Rising drug prices and shortages are squeezing hospital budgets to the point that a quarter reported cutting staff to mitigate the problem, according to a new report.
NORC at the University of Chicago surveyed more than 1,100 community hospitals on behalf of the American Hospital Association and the Federation of American Hospitals and found that average total drug spending per admission increased by 18.5% between fiscal years 2015 and 2017.
This spending is in addition to record increases recorded between fiscal years 2013 and 2015, where inpatient drug spending went up by 38%, according to the report.
Rick Pollack, president of the AHA, said during a press briefing that the groups are “putting the drug companies on notice” over the increases.
“If we don’t rein in drug prices for patients, this means having to choose between the medication they need and other essentials,” Pollack said.
The rising prices and shortages have also forced about 90% of hospitals to find alternative therapies or treatment workarounds for some patients and have led about 70% to do more in-hospital compounding of drugs.
More drastic measures were also reported. Just under 30% of the surveyed hospitals said drug price increases and shortages had led them to delay investing in new equipment, or fixing what they have on hand, and about 20% said they had reduced service offerings.
Drug manufacturers took advantage of shortages of chemotherapy drugs used to treat cancer by hiking prices over 30%. New study on skyrocketing prescription drug costs: https://t.co/jjTx1drzIJ— American Hospital Association (@ahahospitals) January 15, 2019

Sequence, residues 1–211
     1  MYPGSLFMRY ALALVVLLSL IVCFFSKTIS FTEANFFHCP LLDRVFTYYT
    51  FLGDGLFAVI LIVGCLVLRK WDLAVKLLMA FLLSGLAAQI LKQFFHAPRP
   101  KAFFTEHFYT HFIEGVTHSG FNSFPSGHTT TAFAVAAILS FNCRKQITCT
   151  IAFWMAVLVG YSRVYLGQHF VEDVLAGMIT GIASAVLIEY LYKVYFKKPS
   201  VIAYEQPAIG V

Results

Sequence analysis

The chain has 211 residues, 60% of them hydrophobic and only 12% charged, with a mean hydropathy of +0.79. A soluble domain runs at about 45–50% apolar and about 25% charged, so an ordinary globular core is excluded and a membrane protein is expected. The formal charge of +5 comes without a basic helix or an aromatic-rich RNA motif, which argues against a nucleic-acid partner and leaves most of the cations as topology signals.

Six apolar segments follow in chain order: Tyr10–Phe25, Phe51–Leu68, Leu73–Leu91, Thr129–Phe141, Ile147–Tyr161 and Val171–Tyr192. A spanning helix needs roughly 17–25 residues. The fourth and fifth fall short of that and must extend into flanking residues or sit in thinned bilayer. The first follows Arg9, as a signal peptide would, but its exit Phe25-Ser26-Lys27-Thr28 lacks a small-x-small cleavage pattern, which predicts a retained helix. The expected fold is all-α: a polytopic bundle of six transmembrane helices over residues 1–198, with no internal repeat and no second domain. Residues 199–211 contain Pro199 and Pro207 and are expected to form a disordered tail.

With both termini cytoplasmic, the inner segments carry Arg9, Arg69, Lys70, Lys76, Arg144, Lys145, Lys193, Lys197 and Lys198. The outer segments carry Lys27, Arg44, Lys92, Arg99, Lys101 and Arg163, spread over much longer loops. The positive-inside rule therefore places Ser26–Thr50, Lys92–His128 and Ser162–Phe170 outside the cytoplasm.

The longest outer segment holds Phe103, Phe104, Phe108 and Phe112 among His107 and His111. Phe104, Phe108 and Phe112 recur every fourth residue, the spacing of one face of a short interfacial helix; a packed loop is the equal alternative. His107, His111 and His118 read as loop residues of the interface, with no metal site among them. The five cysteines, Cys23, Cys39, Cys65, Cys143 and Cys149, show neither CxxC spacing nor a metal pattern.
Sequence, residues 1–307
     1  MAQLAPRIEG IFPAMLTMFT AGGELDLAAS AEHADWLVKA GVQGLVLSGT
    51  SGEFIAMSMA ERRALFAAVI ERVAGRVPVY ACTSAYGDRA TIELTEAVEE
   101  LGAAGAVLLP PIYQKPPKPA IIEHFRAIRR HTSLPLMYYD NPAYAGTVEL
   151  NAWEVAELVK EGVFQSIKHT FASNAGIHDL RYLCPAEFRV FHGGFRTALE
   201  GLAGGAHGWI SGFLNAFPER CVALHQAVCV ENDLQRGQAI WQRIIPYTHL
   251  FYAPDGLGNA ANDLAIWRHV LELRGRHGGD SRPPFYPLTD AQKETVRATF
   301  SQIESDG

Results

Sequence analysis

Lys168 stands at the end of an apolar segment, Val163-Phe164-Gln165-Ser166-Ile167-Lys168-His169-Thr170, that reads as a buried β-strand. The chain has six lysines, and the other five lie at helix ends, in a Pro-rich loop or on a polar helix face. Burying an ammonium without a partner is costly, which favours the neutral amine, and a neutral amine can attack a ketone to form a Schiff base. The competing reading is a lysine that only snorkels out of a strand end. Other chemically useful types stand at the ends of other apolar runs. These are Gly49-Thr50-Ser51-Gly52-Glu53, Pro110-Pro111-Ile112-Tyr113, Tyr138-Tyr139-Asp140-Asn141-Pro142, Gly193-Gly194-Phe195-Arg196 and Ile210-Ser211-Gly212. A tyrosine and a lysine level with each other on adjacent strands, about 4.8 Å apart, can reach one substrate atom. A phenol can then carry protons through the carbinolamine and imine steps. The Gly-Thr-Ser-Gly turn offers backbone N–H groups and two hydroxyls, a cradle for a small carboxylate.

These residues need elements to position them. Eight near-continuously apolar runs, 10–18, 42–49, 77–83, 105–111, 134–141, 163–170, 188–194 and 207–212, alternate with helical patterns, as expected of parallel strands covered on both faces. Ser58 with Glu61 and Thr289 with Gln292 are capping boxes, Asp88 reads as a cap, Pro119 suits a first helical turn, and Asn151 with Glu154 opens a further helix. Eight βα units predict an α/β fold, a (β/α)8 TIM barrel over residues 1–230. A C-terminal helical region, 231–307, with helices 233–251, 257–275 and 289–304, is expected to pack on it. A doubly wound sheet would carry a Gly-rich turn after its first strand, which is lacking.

Chip Kahn, president of FAH, said at the briefing that hospitals have reported scenarios were drug companies significantly increased the price for a drug on shortage, which can further tighten the belt.
“We find instances where drug companies are using these shortages, and really put the hospitals and our patients at their mercy in terms of raising prices,” Kahn said.
That issue is one of the driving forces that led several of the biggest hospitals and health systems in the country to form Civica Rx, a nonprofit drug company that aims to provide generic medications for some of the most needed medications. The AHA’s Center for Health Innovation collaborates with Civica.
About 80% of hospitals surveyed said they struggled to obtain a drug that was on shortages, and the same number said that these shortages led to increased spending on certain medications. Erin Fox, senior director of drug information and support services at University of Utah Health, said during the briefing that the drugs on shortage are often some of the most commonly used in hospitals, including ketamine, injectable opioids, lidocaine and even still water.
The report also found that price increases were the highest in certain drug classes, with some increasing by as much as 3,600% in just two years. Increases of over 80% were reported in chemotherapy drugs, anesthetics and parenteral solutions.
Kahn said that in addition to work done at Civica and from hospitals sounding the alarm about these concerns, steps taken to increase the options available on the generic drug market hold promise.
“I think at a minimum we need to focus on the generic area,” he said.